Set consequences that can be quickly implemented and that you are willing to follow through on. Dropping the consequence because it inconveniences you or makes you feel bad will not be effective in teaching your child what they need to learn.
For example, you discover your child was drinking at a party last weekend. The homecoming dance is this weekend, and though you want to ground him, you don’t want to prevent him from going to this important event with his date. So you allow him to go, but you don’t allow him to hang out with his friends after the dance. You then follow through with consequences that address the drinking the following week.
- Be concise and clear.
They should be delivered in a matter-of-fact, business-like manner.
Don’t let your child draw you into an argument. If your child insists on blaming or arguing, then disconnect and walk away.
You want to be firm, not rigid. Being firm creates a consistency that kids actually prefer in the long run. But if you’re being senselessly rigid or unreasonable, your kids are going to respond with defiance. And you’ll end up in a power struggle.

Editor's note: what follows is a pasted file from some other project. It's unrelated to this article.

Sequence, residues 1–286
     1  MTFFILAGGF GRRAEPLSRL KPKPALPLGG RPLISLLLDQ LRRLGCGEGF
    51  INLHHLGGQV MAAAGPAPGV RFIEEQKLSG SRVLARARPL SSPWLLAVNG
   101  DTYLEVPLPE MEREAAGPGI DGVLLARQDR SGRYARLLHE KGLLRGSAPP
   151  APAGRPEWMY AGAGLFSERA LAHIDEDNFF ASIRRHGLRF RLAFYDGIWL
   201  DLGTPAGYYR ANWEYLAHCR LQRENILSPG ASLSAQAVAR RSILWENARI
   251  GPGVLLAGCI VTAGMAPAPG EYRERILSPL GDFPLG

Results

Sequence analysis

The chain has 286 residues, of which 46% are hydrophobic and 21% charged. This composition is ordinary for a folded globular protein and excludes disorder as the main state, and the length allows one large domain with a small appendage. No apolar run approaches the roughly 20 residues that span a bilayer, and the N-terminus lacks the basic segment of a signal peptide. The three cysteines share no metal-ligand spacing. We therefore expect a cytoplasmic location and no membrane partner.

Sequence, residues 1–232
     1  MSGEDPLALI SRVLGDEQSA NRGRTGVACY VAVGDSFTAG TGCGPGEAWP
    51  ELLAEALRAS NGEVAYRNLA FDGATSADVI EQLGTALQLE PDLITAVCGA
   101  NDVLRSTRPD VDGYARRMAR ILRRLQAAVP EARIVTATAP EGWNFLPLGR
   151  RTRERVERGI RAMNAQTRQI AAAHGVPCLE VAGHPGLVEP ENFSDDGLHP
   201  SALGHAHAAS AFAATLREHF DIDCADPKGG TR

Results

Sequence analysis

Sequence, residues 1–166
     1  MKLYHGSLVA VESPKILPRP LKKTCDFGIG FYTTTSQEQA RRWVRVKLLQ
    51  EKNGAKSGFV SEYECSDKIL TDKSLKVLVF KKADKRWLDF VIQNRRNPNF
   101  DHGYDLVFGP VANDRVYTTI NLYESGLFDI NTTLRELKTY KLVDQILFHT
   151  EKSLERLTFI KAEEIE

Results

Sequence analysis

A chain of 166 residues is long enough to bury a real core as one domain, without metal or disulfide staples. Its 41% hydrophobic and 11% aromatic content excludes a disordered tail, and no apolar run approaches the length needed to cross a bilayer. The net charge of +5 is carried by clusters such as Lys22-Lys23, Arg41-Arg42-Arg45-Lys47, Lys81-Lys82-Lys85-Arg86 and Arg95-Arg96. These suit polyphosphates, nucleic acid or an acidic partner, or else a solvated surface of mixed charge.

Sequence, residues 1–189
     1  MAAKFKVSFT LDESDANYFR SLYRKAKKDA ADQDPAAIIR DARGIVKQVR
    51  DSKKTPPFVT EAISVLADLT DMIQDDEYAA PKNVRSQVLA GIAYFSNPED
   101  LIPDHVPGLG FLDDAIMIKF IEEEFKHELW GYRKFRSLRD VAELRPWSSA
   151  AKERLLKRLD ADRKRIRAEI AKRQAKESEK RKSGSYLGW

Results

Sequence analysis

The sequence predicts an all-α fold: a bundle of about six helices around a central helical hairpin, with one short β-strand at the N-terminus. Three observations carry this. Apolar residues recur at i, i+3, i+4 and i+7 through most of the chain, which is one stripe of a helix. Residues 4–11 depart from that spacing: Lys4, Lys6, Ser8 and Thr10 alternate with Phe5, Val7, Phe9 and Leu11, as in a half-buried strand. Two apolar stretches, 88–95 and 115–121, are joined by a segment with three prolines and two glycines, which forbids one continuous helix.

If you have to go back and change a consequence, try saying this:
“I know I told you that your behavior cost you access to the car for the next six months. Here’s what I’d like to do instead. I want you to earn that car back. If you can be home by your curfew for seven days in a row, I’ll give you the car for three hours at a time. When you show me you’re responsible enough to return the car within those three hours, then we can talk about extending that time.”
Remember: Practice. Be patient. It’s a process.
It’s OK to take a few moments to calm down and think through what would be effective. It’s OK to re-evaluate and revise and figure things out as we go. The goal is to clearly communicate our expectations in a way that is caring and respectful and lets our kids know we are for them. We want to be nurturing and forgiving of shortcomings as we set effective consequences. And always, we want to keep the relationship the priority.